Language is my play-doh.
Emotions are what I build with it.
I’m not a one-trick pony. Instead of following a trodden career path I have gathered experience in many different fields. Thus I bring a very diverse set of skills to the table – a skillset that you get to make use of when you hire me. I have worked in journalism and PR, can draw from experiences in filmmaking, and I really am the fount of creativity that artists often are. I’m conveniently gifted with words and capable of thinking in images and moving pictures.
So whether you’re an advertising agency, a film studio, a publication or Google Creative Lab (especially if you’re Google Creative Lab) – you will benefit from my capability to create with a 360° view of things.
written & directed by Andie Katschthaler
featuring Ramona Mühlthaler as Ella and Susie Ramberger as Natascha
Runtime: 9:29 min
If you’ve enjoyed my film please consider donating to support my work.
I am comfortable with a variety of styles from screen writing to film reviews to bare-it-all blogging.
I love directing, working with dedicated actors and crew to help a story come alive on the screen.
In my work as a floor manager I enjoy the adrenaline and high pressure that comes with the job.
I am looking to work in advertising because I believe storytelling is important for brands too.
After much debating with myself and the people closest to me I’ve made the decision to include a donate button on my website. The idea behind it is that if you have enjoyed my work you would consider paying for it – just like you would for your burger or your hairspray.
This is a big step for me because it has taken me a long time to figure out that what I do is more than just a fancy.
Art has Worth. With a capital ‘W’.
My art has Worth.
Putting up your stuff for open donations means people can consume it for free if they choose to do so. This could be construed as, ‘My art isn’t worth anything’, but what it really means is, ‘My art can speak for itself and I trust that people will appreciate it enough to honour my work’. And that is a huge leap of faith that requires some guts.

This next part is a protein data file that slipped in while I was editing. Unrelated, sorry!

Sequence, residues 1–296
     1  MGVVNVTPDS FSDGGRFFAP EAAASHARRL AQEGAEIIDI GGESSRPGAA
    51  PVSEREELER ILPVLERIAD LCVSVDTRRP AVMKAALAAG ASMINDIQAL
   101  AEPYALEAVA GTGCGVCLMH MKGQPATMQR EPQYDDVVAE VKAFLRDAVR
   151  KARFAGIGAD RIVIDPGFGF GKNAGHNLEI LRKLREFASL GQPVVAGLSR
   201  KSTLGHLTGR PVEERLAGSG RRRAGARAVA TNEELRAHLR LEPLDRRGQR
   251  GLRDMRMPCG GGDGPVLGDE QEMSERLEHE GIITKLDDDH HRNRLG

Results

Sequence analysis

I think we live in a wonderful time. The internet has given artists the power to cut out the middlemen. This makes us quintessentially free from being forced into the confines of what business moguls think entertainment should look like. It enables us to make art for art’s sake.
Self-publishing has started properly taking off with musicians, with brave people like Amanda Palmer paving the way (thank you, Amanda). It’s finally spreading to other artforms as well but I feel like film is trailing a bit behind so far. Of course this is making me a little uneasy.
However, today I am taking the plunge.
I encourage you to watch my film Snapped and let me know what you think of it, because at the end oft he day getting my stories seen and heard is still the most important thing.
But I am also asking you to respect my art’s worth and hit that donate button located underneath the video*.
*and in the sidebar of the blog
I asked someone to critique my first short film, Snapped. And this person took valuable time out of their day to watch it, think about it, and write back to me about it pretty extensively. This is a gift, and I know it.